Worldwide grid evaluating collider test results

Test run brings us a step closer to discovering how the universe was created

The successful test run of a massive particle collider brought scientists a step closer to finding answers to a question that has haunted people for centuries: How was the universe created?

The US$9 billion Large Hadron Collider (LHC), which took some 20 years to build outside of Geneva, last week shot its first beam of protons around a 17-mile, vacuum-sealed loop buried 50 to 150 meters below the ground.

The test was a critical milestone in getting to the project's ultimate goal of shooting two particle beams toward each other at 99.9 percent of the speed of light. Colliding the beams will create showers of new particles that could re-create conditions in the universe just moments after the big bang that many scientists think created it.

With the test completed, the team of scientists overseeing the 111-nation effort is using a worldwide grid of servers and desktops to study the results.

Ruth Pordes, executive director of the Open Science Grid, which was created in 2005 to support the project, said that the US portion of the global computer and storage grid is made up of more than 25,000 mostly Linux-based computers running 43,000 processors.

The grid's machines are housed at several universities, the US Department of Energy and the National Science Foundation.

Harvey Newman, a physics professor at the California Institute of Technology, added that there are about 30,000 servers and more than 100,000 processor cores around the world hooked into grids that support the LHC project.

"The distributed computing model is essential to doing the computing, storage and hosting of the many petabytes of data from the experiments," he added.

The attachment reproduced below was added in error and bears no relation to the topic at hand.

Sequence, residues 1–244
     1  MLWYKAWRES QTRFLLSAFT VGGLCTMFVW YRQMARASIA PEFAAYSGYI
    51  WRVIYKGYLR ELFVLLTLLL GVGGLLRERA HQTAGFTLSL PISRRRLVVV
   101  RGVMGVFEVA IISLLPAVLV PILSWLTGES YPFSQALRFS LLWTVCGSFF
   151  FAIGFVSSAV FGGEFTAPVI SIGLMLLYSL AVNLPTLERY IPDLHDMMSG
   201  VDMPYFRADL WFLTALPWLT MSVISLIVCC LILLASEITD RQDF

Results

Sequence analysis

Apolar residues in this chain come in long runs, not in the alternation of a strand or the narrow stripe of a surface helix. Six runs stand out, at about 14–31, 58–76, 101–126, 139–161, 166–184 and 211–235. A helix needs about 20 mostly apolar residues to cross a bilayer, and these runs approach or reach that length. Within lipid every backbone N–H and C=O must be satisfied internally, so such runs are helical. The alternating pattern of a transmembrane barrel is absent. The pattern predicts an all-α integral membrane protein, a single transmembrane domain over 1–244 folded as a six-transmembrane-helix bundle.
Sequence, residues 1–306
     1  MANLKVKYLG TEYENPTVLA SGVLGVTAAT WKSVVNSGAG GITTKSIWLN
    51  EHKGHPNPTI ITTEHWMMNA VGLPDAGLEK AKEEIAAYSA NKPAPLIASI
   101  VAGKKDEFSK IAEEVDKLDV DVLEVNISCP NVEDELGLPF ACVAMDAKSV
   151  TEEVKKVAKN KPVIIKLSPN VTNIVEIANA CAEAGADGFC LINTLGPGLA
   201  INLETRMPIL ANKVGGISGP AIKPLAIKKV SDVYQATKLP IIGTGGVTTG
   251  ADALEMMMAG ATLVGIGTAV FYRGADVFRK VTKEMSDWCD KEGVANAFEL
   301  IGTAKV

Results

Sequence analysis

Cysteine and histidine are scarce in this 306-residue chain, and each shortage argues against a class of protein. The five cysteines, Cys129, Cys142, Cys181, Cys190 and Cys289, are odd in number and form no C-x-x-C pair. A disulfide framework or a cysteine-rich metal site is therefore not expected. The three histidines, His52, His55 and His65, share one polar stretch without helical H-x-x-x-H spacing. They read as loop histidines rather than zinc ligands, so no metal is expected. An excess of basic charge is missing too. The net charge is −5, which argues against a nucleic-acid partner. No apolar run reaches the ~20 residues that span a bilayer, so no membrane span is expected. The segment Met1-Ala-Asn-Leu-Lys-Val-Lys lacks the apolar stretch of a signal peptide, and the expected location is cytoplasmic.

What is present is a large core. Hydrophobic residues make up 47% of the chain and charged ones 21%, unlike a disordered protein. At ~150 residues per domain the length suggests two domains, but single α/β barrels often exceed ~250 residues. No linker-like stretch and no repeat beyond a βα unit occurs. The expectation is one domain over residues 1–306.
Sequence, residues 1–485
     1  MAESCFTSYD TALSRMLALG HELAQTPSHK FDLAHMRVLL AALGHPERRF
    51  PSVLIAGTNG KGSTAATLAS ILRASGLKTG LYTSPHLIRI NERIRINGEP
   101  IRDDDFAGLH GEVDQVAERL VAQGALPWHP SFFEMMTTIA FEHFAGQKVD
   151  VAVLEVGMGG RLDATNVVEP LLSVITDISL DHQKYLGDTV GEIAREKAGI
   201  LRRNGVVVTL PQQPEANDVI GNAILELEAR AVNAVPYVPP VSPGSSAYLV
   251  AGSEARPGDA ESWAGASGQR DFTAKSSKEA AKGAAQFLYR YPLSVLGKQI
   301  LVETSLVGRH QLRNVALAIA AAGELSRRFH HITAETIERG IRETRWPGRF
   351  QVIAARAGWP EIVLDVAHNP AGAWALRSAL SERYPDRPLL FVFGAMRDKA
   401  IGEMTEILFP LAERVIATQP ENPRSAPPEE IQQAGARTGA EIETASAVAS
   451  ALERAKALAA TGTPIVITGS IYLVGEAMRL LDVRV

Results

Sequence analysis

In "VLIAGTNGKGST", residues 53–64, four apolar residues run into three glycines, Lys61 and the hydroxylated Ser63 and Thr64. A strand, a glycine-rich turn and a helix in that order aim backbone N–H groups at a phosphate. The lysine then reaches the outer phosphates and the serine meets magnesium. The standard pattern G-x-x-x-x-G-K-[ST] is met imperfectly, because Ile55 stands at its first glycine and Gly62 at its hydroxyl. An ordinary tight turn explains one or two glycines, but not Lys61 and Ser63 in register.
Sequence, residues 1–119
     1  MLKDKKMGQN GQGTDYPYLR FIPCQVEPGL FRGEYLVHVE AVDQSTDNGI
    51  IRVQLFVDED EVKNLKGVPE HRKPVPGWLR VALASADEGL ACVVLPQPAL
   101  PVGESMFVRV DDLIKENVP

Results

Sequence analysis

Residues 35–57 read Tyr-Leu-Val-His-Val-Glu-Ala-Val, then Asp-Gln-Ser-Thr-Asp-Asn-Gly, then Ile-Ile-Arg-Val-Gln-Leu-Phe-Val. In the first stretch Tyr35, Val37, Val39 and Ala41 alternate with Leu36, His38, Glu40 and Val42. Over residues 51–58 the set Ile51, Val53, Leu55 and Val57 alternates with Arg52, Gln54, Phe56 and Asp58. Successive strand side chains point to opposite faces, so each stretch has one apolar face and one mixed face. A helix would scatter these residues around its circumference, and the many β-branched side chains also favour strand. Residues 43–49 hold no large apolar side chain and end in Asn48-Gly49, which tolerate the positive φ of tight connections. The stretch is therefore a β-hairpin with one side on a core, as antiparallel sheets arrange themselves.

Newman said that scientists last week sent one beam around the tube and, when that was complete, sent another in the opposite direction. Each beam made one circuit around the accelerator. And they both reached 99.999998 percent of the speed of light, he said.

The first particle collision should come in days or weeks, said Bolek Wyslouch, a physics professor at MIT, who has been working on the project for the past seven years.

Join the PC World newsletter!

Error: Please check your email address.

Tags large hadron collider

Struggling for Christmas presents this year? Check out our Christmas Gift Guide for some top tech suggestions and more.

Keep up with the latest tech news, reviews and previews by subscribing to the Good Gear Guide newsletter.

Sharon Gaudin

Computerworld

Most Popular Reviews

Follow Us

Best Deals on GoodGearGuide

Shopping.com

Latest News Articles

Resources

GGG Evaluation Team

Kathy Cassidy

STYLISTIC Q702

First impression on unpacking the Q702 test unit was the solid feel and clean, minimalist styling.

Anthony Grifoni

STYLISTIC Q572

For work use, Microsoft Word and Excel programs pre-installed on the device are adequate for preparing short documents.

Steph Mundell

LIFEBOOK UH574

The Fujitsu LifeBook UH574 allowed for great mobility without being obnoxiously heavy or clunky. Its twelve hours of battery life did not disappoint.

Andrew Mitsi

STYLISTIC Q702

The screen was particularly good. It is bright and visible from most angles, however heat is an issue, particularly around the Windows button on the front, and on the back where the battery housing is located.

Simon Harriott

STYLISTIC Q702

My first impression after unboxing the Q702 is that it is a nice looking unit. Styling is somewhat minimalist but very effective. The tablet part, once detached, has a nice weight, and no buttons or switches are located in awkward or intrusive positions.

Latest Jobs

Shopping.com

Don’t have an account? Sign up here

Don't have an account? Sign up now

Forgot password?